By reacting with disgust any time you hear a right-wing view, you can rid yourself of right-wing friends but you are unlikely to influence right-wing thought. When you attempt to shut down questionable speakers or shut out disagreement, you simply show the world that you wish to live in an ideologically homogeneous bubble. After all, people can always speak elsewhere. If you’re truly committed to promoting justice and feel that certain views stand in the way, you should welcome the opportunity to engage with them.
2. Listen and Understand
Of course, to engage with others we must first understand them. And this requires us to listen. As children this is one of the first lessons we’re taught: listen first, then reply. Few people doubt the utility of this approach to communication. Yet somehow, modern leftists appear to pride themselves on their inability to listen, often acting as if actually getting the point would contaminate their minds.
So let me say this: you are more than welcome to criticize the findings of science, the ideas of white men, social institutions, Western foreign policy, capitalism, and bigoted attitudes in our society. In fact, I encourage you to do so, because without criticism we cannot make progress. But if you want your criticism to carry any weight, you must make it clear that you understand the targets of your critique.
Before criticizing science, you should learn some science; before criticizing the free market, you should learn some economics; and before criticizing any individual, you should learn what they actually think. If you fail to listen, learn, and understand before you criticize, then you cannot expect people to take you seriously. If you go further, imputing racist or sexist motives without sufficient understanding, you can expect people to loathe you and whatever you stand for.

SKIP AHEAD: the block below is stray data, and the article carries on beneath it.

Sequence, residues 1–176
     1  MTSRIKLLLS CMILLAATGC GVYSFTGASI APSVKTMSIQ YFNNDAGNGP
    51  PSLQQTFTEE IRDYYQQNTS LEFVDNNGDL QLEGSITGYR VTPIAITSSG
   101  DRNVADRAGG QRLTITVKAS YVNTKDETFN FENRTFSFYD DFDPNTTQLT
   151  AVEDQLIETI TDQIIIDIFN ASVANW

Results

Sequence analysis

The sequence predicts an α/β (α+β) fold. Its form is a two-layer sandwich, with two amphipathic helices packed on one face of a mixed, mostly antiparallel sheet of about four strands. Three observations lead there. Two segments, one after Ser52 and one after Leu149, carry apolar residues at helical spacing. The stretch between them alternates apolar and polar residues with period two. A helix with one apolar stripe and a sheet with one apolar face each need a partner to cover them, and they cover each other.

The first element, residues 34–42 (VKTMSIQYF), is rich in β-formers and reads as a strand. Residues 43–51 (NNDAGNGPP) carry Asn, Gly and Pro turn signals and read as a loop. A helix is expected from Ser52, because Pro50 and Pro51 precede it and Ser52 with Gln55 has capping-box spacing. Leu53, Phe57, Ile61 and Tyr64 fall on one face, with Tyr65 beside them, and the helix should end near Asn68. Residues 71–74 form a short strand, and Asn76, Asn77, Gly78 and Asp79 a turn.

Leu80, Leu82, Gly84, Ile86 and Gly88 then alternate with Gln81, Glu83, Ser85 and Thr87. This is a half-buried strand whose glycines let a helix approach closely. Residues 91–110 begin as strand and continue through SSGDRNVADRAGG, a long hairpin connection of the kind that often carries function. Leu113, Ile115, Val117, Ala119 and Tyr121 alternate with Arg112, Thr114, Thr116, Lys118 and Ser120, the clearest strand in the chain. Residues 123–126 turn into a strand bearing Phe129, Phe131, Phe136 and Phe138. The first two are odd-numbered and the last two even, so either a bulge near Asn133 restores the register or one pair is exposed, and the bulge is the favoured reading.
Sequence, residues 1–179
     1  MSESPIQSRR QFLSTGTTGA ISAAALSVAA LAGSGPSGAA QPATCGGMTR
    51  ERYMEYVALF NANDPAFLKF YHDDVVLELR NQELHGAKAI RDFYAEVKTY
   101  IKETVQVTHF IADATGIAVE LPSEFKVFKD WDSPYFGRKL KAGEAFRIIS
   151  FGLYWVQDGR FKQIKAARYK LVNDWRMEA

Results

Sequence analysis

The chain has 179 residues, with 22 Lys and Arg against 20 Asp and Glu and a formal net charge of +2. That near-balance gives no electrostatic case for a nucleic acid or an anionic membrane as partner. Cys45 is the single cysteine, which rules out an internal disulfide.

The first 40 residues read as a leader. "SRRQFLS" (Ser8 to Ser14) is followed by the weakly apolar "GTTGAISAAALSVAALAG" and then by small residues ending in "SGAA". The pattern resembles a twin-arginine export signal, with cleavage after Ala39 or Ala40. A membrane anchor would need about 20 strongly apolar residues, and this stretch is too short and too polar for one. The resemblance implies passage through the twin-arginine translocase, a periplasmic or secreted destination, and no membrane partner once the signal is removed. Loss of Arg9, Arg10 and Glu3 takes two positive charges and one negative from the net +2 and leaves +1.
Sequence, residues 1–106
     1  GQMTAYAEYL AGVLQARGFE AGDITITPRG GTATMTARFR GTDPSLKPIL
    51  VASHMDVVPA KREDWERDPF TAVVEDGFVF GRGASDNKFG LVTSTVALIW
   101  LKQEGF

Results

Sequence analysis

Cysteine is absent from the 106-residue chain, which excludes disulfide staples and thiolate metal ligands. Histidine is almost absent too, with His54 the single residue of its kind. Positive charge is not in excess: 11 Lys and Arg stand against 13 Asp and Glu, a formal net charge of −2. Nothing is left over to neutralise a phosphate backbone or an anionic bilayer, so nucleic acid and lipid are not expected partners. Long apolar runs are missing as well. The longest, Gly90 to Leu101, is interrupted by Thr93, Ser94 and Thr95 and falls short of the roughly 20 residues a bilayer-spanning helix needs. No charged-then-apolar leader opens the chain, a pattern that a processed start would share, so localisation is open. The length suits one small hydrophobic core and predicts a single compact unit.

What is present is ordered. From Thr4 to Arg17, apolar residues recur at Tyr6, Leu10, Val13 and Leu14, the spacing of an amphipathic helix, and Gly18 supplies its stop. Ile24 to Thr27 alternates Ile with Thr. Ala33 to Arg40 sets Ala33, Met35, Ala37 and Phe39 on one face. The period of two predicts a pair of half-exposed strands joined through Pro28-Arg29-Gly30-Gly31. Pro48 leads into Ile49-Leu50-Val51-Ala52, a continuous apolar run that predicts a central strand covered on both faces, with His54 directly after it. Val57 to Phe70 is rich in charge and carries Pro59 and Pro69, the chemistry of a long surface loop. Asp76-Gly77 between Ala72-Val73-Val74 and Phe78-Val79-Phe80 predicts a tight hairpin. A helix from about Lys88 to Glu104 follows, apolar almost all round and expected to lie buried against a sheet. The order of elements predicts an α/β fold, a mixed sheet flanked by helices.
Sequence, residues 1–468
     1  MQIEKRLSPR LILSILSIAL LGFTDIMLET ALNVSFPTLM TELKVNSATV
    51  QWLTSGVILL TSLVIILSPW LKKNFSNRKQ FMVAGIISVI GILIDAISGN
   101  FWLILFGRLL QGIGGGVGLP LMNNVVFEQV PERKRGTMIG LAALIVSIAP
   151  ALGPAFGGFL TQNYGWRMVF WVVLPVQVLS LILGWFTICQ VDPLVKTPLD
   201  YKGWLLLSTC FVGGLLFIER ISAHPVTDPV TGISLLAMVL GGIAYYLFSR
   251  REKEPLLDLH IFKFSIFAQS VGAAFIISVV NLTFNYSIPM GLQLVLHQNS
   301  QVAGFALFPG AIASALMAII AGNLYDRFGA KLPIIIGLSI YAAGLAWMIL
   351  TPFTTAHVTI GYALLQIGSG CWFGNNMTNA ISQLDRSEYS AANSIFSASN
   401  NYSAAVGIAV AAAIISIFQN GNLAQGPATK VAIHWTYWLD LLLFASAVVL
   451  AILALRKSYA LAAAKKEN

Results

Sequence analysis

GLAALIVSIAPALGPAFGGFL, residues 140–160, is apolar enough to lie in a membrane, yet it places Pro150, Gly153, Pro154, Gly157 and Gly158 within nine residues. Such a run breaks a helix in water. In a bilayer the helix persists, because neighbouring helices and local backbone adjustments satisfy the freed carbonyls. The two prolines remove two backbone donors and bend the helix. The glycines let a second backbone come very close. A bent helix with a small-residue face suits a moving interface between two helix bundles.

As Dale Carnegie wrote in How to Win Friends and Influence People over 80 years ago, “If you want to know how to make people shun you and laugh at you behind your back and even despise you, here is the recipe: Never listen to anyone for long…” Perhaps the modern left read his advice out of context.
3. The Importance of Meaning
Modern leftists have a strange relationship with words. On the one hand, they are particular about the words people use, taking offence at the slightest misspeak. On the other, they can be quite lax with word choice, using terms like “white supremacist” and “Nazi” to refer to relatively benign individuals.
The meanings of words matter. By using words whose meaning grossly exaggerates perceived threats, you become like The Boy Who Cried Wolf. For instance, when you call someone like Jordan Peterson a Nazi, I’m left wondering: do you literally think he’s a Nazi, who would stand behind the extermination of minorities, the disabled, and others? If so, I can’t help but question your judgment. Or are you simply co-opting the grievous suffering of millions of people as a rhetorical flourish, to highlight the dangers of improper pronoun use? If so, I can’t help but question your flippant neglect of any sense of proportion. Either way you’ve just shown that you lack the nuance needed to discuss serious matters, and have ensured that few people not already in agreement will take you seriously. (For the record I write this as someone who disagrees with many of Jordan Peterson’s views).
4. It’s Okay to be Uncertain